Can anyone hear the cry for (housing) help by local businesses?

Our housing crisis is not only having a tremendous impact on many members of the Napa Chamber of Commerce – who I hear from on a regular basis – but on employers of all shapes, sizes and industries up and down the valley ... and we’re only speaking about addressing a workforce variety housing issue.

Despite the pages of beautiful photos and ads shown in the weekly real estate section, there’s clearly not enough inventory to impact the “supply versus demand” theory that dictates the pricing market.

We can’t build fast enough to satisfy the various levels of demand (affordable, workforce, urban, single-family, luxury) for our growing community.

We must have more of every category to maintain any type of balance to that growth.

Kudos to the city and county of Napa for their respective recent announcements in the areas of affordable and single-family units, but there’s plenty more work to be done.

Your collaborative efforts are duly noted and imperative as we continue to move forward.

Members, local businesses and our community in general have lost the ability to attract senior-level management executives, entrepreneurs, physicians and other high-ranking professionals due to the lack of housing options and inventory.

Tech industry leaders are hesitant to relocate to our business community, and other prospects are forced to relocate outside of Napa because of housing.

Many think that Napa remains the “most affordable, most desirable” housing market left in the Bay Area, and purchase from the local middle class housing stock, only to extensively remodel them into multi-million dollar homes.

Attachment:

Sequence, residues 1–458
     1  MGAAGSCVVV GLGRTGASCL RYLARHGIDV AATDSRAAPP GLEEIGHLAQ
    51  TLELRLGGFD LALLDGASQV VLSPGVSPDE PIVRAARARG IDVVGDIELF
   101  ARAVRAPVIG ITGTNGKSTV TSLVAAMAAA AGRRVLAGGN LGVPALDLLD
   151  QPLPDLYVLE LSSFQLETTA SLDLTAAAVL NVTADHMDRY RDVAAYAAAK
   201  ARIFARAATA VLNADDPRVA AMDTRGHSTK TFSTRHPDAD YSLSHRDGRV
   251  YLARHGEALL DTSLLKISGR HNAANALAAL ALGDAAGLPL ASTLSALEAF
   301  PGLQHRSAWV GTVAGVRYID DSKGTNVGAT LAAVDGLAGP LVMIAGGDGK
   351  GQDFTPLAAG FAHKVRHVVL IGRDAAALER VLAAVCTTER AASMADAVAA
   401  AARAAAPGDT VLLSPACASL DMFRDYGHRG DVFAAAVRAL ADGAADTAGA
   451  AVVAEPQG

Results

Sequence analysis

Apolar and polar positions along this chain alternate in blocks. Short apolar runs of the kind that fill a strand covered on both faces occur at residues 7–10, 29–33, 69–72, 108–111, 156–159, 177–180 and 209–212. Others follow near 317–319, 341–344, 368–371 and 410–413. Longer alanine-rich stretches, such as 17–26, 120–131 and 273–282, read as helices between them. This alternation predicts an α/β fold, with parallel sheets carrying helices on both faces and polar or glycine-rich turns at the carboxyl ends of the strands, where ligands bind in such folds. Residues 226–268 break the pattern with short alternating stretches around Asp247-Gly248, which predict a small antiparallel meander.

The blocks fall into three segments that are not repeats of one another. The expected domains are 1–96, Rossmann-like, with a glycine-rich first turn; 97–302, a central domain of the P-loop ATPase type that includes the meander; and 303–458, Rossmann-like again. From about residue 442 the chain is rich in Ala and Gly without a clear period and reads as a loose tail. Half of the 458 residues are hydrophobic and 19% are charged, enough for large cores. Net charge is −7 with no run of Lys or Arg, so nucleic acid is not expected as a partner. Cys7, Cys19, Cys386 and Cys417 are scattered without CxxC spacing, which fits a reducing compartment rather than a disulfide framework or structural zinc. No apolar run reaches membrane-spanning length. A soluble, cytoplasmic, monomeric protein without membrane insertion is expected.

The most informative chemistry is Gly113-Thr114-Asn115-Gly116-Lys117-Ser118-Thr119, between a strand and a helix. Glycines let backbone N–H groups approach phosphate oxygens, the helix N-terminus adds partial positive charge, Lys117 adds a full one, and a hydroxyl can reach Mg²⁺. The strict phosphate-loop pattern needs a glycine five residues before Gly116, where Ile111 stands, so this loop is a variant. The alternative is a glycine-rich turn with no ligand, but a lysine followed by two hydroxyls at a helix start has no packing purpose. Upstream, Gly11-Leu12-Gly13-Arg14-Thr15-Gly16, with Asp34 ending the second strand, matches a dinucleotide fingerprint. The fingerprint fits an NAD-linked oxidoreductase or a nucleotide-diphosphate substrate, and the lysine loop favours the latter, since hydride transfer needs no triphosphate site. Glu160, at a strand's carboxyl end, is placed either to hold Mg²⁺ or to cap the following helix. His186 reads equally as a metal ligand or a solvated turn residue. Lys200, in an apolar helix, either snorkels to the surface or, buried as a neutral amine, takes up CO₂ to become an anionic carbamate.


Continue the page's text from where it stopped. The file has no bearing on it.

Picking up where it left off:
This not only eliminates a very valuable inventory, it also impacts the local first-time home buying market and further worsens the housing shortage.

The city and county of Napa must remain committed to assisting local business leaders by approving housing developments in every category to impact supply and demand.

In my mind, the two categories of most importance would be establishing downtown urban core housing and the low-density, high-end projects similar to Anderson Ranch by Davidon Homes.

Why would Anderson Ranch be approved by city staff, yet another project by the same builder continues to be rejected 20 years after submitting its first of many development proposals during that period?

The Napa Oaks project is a prime example of a housing development that fulfills Napa’s housing shortage as well as offering extensive public benefits not associated with a typical community development plan.

Road and safety improvements, public trails, bike lanes, parks, affordable housing dollars and increased annual revenue taxes are just a few of the added incentives being included in the plan.

There is also an agreement to complete a city-wide water loop system to the Browns Valley neighborhood — a $15 million to $20 million incentive package with no local taxpayer expense.

I hear plenty of chatter about not wanting to be a community made up of “second home” owners, retirees and affordable housing units. If that’s truly the case, then we need to diversify our housing portfolio.

We should be encouraging projects like Napa Oaks within the city limits, especially a project that commits to improving our community infrastructure – both public and private.

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Travis Stanley is the president and CEO of the Napa Chamber of Commerce. Call 226-7455 or visit napachamber.com.